|Me Again (RE: Whats next? July 19, 2004)
Aug 18, 2004
Nancy, Thank YOU again for all this information you have been providing me and others in this forum. I did persue this Failure to accomidate with the EEOC and a Charge was filed and an investigation was issued. In a response to the investigator, my employer gave alot of things that were not true, (IE like printing off management schedules, Showing the second request accomidation, ETC ETC. The schedules they printed and sent were STRAIGHT off the system and did not have me working longer than 12 hours AFTER the second request, BUT there were REVISED schedules in the store). I gave all this information to the investigator, and he asked "DID you tell them you were HIV positive?, I said "NO" I gave them a letter from my dr stating that i "registered 90% on Karnofsky's performance scale, and with my illness and medications that i am required to take, i should avoid exterme temperature changes to avoid side affects. AND i need to limit my work day to 12 to 16 hours a day or 60 hours in a single week" Was this not enough? I did not disclose my status but did verify my medical conditon for the accomidation. I recieved a letter today from the EEOC (dismissal and Notice of Rights) the area checked was :Based upon its investigation, the EEOC is unable to conclude that the information obtained establishes violations of status. This does not certify that the respondant is in compliance with the status." My question now is do i need to let it drop? or do i need to find an attorney? or what? The management that done this to me is still there and treating other people like crap, I currently have another job but I have no benefits with it, IE insurance. And if you suggest an attorney, what kind of attorney? Thanks again and may be this will be the last time i am writing to ya, I know you are a very busy person.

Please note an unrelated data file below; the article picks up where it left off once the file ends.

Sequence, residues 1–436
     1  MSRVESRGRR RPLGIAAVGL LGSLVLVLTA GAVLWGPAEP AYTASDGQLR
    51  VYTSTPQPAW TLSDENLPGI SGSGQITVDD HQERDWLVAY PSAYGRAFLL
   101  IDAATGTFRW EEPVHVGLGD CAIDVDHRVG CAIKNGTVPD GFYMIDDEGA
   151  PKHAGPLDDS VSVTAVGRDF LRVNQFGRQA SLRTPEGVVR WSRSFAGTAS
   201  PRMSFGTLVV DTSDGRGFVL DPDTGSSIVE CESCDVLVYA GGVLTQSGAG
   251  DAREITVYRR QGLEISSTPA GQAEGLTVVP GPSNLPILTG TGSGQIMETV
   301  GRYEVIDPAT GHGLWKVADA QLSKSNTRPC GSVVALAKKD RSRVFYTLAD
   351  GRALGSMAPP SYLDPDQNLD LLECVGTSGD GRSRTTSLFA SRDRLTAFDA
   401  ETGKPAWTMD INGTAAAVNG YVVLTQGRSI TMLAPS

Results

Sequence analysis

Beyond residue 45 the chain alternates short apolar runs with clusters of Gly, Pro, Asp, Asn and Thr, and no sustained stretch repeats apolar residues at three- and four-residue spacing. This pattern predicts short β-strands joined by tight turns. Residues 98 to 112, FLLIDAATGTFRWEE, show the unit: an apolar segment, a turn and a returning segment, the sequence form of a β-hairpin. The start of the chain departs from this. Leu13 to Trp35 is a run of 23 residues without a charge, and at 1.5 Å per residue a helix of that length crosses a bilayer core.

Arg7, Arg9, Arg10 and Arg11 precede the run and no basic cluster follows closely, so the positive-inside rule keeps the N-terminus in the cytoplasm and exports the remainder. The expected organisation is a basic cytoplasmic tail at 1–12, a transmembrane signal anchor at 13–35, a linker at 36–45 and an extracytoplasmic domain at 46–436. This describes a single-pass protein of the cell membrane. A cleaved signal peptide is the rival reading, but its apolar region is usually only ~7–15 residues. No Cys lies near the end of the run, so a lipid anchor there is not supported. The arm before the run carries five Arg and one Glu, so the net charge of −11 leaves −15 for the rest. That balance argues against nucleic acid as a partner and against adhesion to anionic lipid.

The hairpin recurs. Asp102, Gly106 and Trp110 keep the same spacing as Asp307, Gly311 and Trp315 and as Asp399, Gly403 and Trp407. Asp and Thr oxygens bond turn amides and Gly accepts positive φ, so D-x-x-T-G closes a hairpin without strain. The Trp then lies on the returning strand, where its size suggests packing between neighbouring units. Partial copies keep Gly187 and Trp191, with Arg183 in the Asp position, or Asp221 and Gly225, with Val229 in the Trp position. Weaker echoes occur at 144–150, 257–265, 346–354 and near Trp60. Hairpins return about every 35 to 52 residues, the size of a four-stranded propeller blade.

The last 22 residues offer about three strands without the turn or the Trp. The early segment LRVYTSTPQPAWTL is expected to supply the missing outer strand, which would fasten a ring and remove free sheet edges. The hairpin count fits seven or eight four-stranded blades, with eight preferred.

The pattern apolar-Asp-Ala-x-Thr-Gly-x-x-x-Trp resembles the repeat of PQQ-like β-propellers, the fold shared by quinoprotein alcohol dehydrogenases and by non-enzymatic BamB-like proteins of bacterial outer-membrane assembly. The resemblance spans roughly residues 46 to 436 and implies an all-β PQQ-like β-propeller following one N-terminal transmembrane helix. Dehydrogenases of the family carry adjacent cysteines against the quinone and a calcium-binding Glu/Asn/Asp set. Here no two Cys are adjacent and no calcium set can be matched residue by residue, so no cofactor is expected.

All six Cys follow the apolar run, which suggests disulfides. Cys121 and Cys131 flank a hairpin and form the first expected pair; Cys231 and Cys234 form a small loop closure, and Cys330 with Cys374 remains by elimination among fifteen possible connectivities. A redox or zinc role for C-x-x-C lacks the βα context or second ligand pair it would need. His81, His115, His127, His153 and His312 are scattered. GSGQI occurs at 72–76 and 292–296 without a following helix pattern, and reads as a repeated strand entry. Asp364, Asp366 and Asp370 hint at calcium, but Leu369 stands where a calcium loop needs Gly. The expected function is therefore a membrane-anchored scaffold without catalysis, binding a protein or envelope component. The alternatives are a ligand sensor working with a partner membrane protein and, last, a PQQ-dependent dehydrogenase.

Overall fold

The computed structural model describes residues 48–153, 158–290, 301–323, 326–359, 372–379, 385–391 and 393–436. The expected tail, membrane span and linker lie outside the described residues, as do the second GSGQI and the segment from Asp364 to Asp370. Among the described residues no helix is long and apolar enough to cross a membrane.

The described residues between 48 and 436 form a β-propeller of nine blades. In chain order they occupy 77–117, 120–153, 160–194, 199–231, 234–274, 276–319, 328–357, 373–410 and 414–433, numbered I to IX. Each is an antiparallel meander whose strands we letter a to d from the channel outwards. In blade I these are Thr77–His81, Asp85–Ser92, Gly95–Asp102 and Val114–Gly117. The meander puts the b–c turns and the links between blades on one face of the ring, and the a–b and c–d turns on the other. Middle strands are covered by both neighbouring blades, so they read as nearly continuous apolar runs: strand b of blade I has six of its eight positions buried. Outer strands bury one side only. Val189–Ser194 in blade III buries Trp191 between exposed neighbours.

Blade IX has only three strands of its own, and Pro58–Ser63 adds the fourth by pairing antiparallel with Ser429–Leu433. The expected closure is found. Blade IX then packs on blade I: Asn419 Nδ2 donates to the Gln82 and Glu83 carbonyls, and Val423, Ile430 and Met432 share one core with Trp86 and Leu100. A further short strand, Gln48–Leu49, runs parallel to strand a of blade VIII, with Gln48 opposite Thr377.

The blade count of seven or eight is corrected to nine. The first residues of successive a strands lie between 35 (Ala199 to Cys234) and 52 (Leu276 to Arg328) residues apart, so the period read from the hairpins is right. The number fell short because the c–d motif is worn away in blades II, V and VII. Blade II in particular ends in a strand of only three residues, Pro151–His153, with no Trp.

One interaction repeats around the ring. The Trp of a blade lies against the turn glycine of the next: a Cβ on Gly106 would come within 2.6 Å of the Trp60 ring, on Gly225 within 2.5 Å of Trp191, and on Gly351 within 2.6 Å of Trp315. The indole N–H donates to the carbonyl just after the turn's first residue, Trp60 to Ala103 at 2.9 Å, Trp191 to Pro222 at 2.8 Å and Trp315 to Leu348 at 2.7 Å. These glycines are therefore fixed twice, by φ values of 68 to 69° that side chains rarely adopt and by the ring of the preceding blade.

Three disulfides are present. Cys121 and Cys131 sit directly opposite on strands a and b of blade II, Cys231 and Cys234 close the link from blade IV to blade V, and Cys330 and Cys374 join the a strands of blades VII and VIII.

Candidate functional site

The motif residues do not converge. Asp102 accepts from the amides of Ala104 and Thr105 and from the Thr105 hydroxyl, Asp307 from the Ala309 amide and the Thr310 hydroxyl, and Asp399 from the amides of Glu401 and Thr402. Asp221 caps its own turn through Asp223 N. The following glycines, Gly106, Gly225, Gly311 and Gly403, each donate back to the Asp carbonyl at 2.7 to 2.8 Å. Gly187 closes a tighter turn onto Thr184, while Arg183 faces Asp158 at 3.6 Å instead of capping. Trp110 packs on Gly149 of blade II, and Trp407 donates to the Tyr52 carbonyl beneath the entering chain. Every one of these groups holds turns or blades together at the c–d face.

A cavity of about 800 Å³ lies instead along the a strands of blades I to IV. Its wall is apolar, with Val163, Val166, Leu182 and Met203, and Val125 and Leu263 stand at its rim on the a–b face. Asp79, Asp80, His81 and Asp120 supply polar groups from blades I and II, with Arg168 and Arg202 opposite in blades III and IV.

Response from Ms. Breuer
How much is it worth to you to resolve this? What's the best possible (realistic) outcome? What does your health care provider think?
Only you can decide what to do next. If the only thing that could satisfy you is a cash settlement, then you'll need to talk with an attorney at an AIDS service organization, or one they refer you to in your area. The fee will be low to zero, depending on the arrangment the attorney has with the organization.
If you want to see the creep removed from a position of power over people, you may want something you cannot make happen under the present circumstances.
If you want to move forward, meet with a benefits counselor at the AIDS service organization and talk about how you can get some insurance coverage. That one is going to contribute more to your health.
In short, if you can smell a truly positive outcome, work with a lawyer who is a referral from your ASO to go after the creep. If you catch the whiff of revenge in yourself, you may contribute only to your own frustration and anger.
hiv and gloves
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